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This web site contains information about Pet Fish Talk, the weekly internet talk show about keeping pet fish in aquariums, fish bowls, and ponds.
Click here to hear
a Pet Fish Talk Show now.
Pet Fish Talk.
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Pet Fish Talk about keeping pet fish in aquariums, fish bowls, and ponds.
Pet Fish Talk about keeping pet fish in aquariums, fish bowls, and ponds.

Pet Fish Talk about keeping pet fish in aquariums, fish bowls, and ponds.

Pet Fish Talk about keeping pet fish in aquariums, fish bowls, and ponds. Pet Fish Talk about keeping pet fish in aquariums, fish bowls, and ponds.
Pet Fish Talk.

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     For the August 29, 2007 Pet Fish Talk Show.
In this show the Bailey Brothers talk with callers and read questions from listeners.
Click here now to hear all
four segments of this show.
Click here to read the notes at the bottom of this page about how to follow the links in this Listening Guide.
Listening Guide with Comments, Pictures, and Links for this Week's Pet Fish Talk Show
Segment One
Fish in the News. Each week the Bailey Brothers start the Pet Fish Talk Show with some fun and interesting stories about fish in the news.
Viperfish A Viperfish,
with a fearsome grin fit for a movie monster, is a real-life predator that lurks in one of the world's most remote locations.
Sandbar Shark Sandbar Shark
wrestles with biologists recently on a beach in Spain.
Pacu This 16" Pacu
was caught by a fisherman in Lake St. Clair, Michigan, last week.
Sarah Anderson leaves for Antartica. Sarah Anderson,
a high school teacher, will leave on an  expedition to the Amundsen Sea in a part of Antarctica that hasn't been visited in more than a century.
Quagga Mussels Quagga Mussels
have quickly spread to Southern California.
In Tokyo, Japan,
A Spa, Where the Fish Food is You.
In May 2006, the Ooedo-Onsen-Monogatari (, a 4-year-old hot-springs spa in the city's Odaiba area, added a new treatment to its menu: Doctor Fish's "pedicure" and "manicure." In a reversal of the food chain, the fish dine on you - or at least parts of you. In a culture where food and fashion seem straight out of science fiction, Doctor Fish is hardly extraordinary. Strangely enough, the spa's finned employees, which are imported from Turkey and are known scientifically as Garra rufa, have a taste for dry, flaking human skin. The fish act like living pumice stones, nibbling off the dead epidermis and leaving behind baby-smooth skin. Click here to read more. Special thanks to Ben from Oregon for the link to this story.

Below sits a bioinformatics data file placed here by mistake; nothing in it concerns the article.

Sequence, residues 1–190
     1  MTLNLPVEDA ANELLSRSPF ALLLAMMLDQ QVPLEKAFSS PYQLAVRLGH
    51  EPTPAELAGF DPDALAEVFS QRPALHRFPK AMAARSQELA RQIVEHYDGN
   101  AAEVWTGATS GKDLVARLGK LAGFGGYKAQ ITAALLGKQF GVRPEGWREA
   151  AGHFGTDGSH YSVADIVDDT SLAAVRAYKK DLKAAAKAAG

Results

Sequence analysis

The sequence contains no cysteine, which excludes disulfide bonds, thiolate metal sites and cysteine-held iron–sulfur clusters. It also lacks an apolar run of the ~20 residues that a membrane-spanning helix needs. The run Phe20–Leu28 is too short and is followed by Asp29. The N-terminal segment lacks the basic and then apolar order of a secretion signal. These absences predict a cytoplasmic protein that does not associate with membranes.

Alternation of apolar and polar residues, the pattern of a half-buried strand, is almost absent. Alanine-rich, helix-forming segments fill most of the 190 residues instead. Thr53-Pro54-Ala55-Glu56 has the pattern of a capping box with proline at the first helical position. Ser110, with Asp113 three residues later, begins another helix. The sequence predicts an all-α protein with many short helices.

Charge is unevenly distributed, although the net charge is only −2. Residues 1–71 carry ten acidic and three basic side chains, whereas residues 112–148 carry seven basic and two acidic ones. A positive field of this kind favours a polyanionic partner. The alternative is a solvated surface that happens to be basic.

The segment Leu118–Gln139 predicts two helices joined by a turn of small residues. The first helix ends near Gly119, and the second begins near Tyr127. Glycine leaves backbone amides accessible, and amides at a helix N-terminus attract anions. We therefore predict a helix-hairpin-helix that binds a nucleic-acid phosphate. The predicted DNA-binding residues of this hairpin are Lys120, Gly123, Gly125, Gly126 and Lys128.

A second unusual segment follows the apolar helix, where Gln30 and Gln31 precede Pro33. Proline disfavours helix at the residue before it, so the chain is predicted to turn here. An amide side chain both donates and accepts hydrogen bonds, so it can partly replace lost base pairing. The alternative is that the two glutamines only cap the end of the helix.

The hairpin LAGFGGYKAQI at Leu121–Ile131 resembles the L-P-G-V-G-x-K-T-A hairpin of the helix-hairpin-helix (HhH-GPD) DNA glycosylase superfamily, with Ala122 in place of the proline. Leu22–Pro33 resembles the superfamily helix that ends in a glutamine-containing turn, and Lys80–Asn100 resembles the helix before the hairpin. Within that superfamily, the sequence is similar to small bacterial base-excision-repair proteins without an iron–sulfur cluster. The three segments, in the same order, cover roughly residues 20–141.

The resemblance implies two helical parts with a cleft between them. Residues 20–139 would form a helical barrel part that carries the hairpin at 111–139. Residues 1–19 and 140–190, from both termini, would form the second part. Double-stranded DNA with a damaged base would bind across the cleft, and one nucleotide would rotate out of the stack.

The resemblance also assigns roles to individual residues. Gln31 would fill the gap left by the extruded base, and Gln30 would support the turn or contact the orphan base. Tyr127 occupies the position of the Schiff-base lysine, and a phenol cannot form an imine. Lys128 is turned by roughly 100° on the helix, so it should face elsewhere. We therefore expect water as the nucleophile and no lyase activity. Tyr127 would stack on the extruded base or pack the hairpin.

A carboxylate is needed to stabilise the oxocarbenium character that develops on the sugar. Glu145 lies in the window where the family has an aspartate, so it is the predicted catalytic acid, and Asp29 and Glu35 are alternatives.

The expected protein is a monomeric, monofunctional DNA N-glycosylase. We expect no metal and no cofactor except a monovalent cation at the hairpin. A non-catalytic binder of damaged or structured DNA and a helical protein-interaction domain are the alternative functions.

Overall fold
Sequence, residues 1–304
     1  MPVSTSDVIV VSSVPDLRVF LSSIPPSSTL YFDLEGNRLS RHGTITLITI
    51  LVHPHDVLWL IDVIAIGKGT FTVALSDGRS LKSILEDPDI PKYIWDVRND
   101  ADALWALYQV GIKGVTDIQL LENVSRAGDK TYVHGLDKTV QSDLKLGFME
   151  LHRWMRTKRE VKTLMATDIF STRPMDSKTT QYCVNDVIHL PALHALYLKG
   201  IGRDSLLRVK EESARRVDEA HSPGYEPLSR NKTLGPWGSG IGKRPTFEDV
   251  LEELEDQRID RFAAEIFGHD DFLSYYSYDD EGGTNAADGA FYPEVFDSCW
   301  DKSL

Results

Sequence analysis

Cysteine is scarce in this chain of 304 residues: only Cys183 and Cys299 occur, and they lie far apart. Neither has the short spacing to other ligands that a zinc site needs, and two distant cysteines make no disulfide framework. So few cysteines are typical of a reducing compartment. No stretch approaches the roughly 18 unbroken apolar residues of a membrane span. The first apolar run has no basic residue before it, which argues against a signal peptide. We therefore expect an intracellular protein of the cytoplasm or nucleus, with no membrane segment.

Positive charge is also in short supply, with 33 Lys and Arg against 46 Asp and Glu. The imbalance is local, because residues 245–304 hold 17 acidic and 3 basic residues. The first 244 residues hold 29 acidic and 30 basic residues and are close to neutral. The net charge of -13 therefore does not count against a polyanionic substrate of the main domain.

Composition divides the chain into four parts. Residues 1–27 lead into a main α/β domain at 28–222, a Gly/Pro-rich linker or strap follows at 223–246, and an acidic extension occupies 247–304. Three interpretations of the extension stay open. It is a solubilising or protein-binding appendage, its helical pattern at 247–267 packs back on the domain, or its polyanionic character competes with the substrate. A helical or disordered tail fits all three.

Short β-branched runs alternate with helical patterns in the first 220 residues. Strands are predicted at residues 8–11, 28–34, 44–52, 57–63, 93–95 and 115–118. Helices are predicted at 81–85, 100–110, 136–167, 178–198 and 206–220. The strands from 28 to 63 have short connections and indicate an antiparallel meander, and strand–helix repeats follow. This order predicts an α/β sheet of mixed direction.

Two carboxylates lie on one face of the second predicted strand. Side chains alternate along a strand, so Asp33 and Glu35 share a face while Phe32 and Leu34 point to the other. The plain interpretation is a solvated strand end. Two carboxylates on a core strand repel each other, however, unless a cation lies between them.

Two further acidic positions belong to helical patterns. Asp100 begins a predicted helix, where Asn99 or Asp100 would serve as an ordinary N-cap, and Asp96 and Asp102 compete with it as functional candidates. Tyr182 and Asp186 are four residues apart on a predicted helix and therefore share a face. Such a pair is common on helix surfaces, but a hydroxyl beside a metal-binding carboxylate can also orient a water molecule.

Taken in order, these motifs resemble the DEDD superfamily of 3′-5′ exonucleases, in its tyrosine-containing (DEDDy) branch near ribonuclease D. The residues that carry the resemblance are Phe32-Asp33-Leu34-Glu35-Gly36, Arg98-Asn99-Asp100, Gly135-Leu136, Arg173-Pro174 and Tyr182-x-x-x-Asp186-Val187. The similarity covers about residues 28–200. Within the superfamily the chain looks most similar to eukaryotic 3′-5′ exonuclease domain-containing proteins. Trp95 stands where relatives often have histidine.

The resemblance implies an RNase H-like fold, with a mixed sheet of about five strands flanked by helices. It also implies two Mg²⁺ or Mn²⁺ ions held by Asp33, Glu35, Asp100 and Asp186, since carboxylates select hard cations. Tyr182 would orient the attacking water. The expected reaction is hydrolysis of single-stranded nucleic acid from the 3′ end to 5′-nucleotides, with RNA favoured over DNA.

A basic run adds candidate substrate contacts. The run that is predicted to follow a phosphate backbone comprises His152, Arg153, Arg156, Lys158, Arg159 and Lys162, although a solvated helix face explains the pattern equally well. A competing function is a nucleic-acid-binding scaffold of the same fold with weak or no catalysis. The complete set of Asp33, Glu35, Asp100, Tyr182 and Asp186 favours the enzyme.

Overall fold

From National Geographic Magazine,
Weird Deep-Sea Creatures Found in Atlantic.
With a fearsome grin fit for a movie monster, this viperfish is a real-life predator that lurks in one of the world's most remote locations. An international team of 31 researchers found this and other strange animals while exploring the Mid-Atlantic Ridge, an underwater mountain range that runs from Iceland to the Azores islands west of Portugal. Over the course of five weeks, the team cataloged a host of exotic worms, colorful corals, unusual sea cucumbers, and weird fish. Clearly, viperfish has plenty to eat. Many of the species found on the ridge are rare and had only been discovered in recent years, scientists said. At least one species found during the survey - a tiny crustacean called a seed shrimp - is thought to be new to science. Click here to read more.
In the North Atlantic Ocean,
Scientists ask: Where have all the Dolphins gone?